Editorial....12th March, 2020

Last month the Government produced a 30-page document, the snappily entitled The Future Relationship with the EU, The UK’s Approach to Negotiations.
It did get some coverage but not a huge amount, much of national media being owned by right wing billionaires who support anything that reduces their tax bill.
Half of you will jump in delight and half hold your collective heads in your hands at these next words, but the document sets out a stance that boils down to the Government negotiating the hardest possible Brexit. 
That it’s not even prepared to sit through the negotiations gives you an idea of how hard.
Firstly, despite much of the talk (and written agreements) focussing on 31st December as the date for leaving, the Government has laid down a deadline of June.
A summit is due that month and the document makes it clear that if it’s not going the Government’s way, it “will need to decide whether the UK’s attention should move away from negotiations,” which means leaving with no deal.
The best normal-world example of this tactic I can think of is a bloke the Chronicle once employed. His opening negotiating gambit was: “If you don’t do X (something that was never going to happen) I’m leaving.” I said no and he left. 
His mistake was to have no fall-back position; he left himself no room for compromise, so left a secure job and spent the rest of his working life scratting round for casual shifts.
The Government document covers many areas but in a nutshell is the same approach. The Government wants as many non-binding agreements as it can, and if it can’t it’s going home. Given that Boris Johnson doesn’t even want to stick to the withdrawal agreement and the political declaration he signed, the EU is possibly not going to have much faith that we will adhere to any non-binding agreement anyway.
Obviously “no-deal” and “Brexit” have been banned from the tarnishing the lips of Tories — it might be fun to try to tempt local politicians to say the words — which is why the negotiation document says that should talks fail, the trading relationship with the EU “will look similar to Australia’s”. This sounds positive but means no deal: the EU does not have a trade deal with Aussies, so an Australian deal is leaving on WTO terms.
This means tariffs where there are currently none and is despite the negotiations favouring “comprehensive” market access with “no tariffs, fees or charges” on trade in manufactured and agricultural goods.
Of our MPs, Fiona Bruce is a successful businesswoman who founded her own practice, Karen Bradley is an accountant whose parents ran a small business and regular letter-writer Ian Lawson is a businessman, yet their Conservative Party’s negotiating stance is that business is a secondary consideration — retaining sovereignty and escaping from even a whiff of EU control is the main objective. It’s remarkable that a Tory party should abandon business to such an extent.
Tellingly, there is no economic impact study being prepared for leaving the EU. You might see an analysis for say, putting parking fees up 5p on local car parks but as for leaving the EU — nothing.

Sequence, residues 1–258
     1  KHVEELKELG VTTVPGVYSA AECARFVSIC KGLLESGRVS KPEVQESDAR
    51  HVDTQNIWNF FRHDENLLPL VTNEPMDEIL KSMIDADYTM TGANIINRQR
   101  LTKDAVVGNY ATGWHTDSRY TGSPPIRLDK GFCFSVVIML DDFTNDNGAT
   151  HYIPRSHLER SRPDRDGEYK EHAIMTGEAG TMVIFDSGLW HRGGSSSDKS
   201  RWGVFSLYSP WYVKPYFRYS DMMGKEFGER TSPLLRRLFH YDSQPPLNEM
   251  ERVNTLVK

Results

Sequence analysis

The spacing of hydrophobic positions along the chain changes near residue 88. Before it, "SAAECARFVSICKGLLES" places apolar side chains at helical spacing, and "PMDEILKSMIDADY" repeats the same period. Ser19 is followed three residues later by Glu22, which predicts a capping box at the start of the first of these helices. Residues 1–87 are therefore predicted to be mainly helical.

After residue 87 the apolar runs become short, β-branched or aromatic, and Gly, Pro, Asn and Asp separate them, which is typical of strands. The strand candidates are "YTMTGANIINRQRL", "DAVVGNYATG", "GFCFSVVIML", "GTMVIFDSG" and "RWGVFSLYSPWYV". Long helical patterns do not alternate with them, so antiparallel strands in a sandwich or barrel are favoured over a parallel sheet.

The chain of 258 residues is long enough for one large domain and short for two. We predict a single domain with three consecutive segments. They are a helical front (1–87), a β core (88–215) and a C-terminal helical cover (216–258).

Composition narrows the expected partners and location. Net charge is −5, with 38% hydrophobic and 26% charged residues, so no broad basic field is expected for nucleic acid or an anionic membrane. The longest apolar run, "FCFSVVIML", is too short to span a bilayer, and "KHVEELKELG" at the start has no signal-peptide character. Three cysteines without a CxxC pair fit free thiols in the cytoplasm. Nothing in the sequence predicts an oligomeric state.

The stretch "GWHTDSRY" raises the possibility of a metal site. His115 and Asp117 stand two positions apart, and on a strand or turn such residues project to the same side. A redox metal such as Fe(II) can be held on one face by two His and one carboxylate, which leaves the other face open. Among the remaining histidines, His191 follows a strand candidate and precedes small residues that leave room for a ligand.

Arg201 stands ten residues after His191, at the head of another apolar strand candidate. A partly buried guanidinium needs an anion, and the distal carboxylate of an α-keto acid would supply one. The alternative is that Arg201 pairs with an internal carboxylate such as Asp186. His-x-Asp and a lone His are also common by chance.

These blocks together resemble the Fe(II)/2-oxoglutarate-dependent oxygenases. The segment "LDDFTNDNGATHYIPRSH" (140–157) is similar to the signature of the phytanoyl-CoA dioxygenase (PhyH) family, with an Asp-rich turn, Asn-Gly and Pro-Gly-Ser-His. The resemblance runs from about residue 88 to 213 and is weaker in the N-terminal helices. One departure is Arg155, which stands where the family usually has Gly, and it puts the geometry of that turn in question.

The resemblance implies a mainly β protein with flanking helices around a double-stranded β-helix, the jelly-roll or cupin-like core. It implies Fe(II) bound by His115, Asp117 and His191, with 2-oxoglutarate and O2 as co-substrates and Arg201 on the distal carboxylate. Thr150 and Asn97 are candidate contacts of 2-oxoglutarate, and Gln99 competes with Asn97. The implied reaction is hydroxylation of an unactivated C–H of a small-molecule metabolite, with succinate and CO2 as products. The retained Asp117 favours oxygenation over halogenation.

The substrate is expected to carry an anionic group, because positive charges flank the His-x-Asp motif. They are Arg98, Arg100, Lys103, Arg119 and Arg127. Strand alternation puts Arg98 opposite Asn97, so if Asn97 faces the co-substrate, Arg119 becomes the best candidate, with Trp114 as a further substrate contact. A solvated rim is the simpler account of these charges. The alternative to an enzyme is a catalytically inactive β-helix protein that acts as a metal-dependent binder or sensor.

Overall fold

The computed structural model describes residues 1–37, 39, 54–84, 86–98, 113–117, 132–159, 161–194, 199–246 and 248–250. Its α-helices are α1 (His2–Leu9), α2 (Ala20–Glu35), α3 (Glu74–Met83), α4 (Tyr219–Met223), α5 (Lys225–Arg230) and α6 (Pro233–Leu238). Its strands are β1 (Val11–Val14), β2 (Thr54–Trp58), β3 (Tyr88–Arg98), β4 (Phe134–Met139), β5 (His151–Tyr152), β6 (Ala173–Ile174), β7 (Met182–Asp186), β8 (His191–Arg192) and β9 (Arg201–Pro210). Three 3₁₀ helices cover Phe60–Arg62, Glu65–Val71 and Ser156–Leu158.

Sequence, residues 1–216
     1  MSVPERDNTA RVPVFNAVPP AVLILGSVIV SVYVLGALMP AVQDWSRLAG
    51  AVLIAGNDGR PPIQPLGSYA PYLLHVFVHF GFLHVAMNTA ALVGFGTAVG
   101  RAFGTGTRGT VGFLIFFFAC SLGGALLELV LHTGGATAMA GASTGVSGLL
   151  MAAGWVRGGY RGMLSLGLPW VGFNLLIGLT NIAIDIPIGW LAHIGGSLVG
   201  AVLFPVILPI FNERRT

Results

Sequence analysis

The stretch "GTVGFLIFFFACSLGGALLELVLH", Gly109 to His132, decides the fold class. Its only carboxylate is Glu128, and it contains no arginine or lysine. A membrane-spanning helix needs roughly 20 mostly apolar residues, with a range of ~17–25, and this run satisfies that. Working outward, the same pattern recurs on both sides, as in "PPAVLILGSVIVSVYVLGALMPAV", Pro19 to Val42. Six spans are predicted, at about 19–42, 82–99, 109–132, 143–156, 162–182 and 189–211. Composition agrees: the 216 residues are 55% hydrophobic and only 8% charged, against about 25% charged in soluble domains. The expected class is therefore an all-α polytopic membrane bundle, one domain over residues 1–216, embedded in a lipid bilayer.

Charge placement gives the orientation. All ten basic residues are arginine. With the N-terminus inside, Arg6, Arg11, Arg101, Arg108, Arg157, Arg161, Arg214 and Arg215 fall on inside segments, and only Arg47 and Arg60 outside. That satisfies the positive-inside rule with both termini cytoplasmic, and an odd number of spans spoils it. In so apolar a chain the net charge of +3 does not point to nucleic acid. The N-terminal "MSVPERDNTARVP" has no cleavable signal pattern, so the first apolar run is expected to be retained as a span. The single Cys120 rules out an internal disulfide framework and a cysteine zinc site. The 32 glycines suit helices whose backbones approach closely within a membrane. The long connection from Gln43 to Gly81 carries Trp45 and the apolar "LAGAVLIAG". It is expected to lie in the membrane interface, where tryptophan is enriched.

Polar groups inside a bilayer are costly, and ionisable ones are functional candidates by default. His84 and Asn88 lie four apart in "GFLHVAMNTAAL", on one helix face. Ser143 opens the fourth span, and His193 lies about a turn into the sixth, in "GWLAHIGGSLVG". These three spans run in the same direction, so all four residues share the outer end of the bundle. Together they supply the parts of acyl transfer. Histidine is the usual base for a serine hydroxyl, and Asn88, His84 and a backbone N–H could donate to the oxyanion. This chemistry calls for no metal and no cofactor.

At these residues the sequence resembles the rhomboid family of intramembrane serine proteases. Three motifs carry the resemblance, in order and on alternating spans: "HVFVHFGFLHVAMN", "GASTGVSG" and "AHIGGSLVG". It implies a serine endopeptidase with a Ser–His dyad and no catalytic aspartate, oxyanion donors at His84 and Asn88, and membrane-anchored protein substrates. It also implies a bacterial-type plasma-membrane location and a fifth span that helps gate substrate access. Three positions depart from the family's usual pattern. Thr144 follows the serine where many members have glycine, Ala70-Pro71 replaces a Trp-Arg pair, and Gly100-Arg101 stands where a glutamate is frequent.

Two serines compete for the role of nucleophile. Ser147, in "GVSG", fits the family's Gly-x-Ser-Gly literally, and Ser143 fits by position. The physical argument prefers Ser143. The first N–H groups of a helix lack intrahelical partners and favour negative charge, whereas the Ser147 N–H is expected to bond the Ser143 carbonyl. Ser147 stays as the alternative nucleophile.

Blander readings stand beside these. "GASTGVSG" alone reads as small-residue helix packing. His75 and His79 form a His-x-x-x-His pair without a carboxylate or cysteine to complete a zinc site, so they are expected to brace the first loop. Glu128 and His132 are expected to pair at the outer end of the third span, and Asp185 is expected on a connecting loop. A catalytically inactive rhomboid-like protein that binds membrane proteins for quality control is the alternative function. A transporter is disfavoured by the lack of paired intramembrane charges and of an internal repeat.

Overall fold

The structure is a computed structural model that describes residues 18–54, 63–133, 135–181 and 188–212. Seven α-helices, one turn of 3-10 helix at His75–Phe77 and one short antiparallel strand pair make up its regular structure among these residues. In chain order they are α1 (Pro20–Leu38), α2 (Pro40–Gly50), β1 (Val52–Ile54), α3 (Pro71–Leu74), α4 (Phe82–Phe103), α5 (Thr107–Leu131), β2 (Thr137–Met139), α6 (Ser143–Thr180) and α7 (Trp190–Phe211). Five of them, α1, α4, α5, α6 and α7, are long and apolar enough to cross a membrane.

While the negotiating paper talks about the importance of market access, “non-discriminatory treatment” between UK and EU service suppliers and most favoured nation treatment, this would obviously not apply under a no deal; we’d be looking at border control.
Michael Gove recently promised Parliament that the Government would recruit and train 50,000 (not a misprint) new customs officers to handle the paperwork created by non-frictionless trade should we crash out — an optimistic target if he has from June to 31st December to do it.
Also included in the negotiating document is a planned severance from European security agencies, another surprising move for the party of law and order.
The Government says it will not be part of Europol, which tackles international crime such as drugs, human cybercrime, and terrorism, despite the UK being the highest contributor of data to that organisation in 2018.
The UK is not going to take part in the European arrest warrant scheme, merely saying the UK will “fully recover … sovereign control over borders and immigration system” (which we had before Brexit anyway).
The document does talk about an agreement providing for the exchange of criminal records between the UK and EU member states, but says the UK will set up a separate system that looks like but isn’t the current European Criminal Records Information System.The Government, of course, has a fine record of installing complex computer systems, from the replacement criminal records system, branded “a masterclass in incompetency”, to the Emergency Services Network programme (“deeply unsatisfactory”) and the tagging system for offenders, which in 2018 was called a “catastrophic” waste of money. Not forgetting the army recruiting project (failed to meet its target six years on the trot), the Verify digital identification service (“not fit for purpose”) and universal credit (a shambles). Maybe ATOS, behind the fabled disability / capability assessment system, can help out.
The Government is also promising to opt out of EU rules but the negotiating document shows how schizophrenic this is, saying for example that UK hauliers would be expected to comply with international rules when operating outside the UK, while saying the agreement “should respect the UK’s autonomy … not to … follow EU standards”.
You will at least get a say in some of this: the Government said it intends to hold a consultation about the economic implications of the future relationship “from a wide range of stakeholders” this spring. 
But will it listen?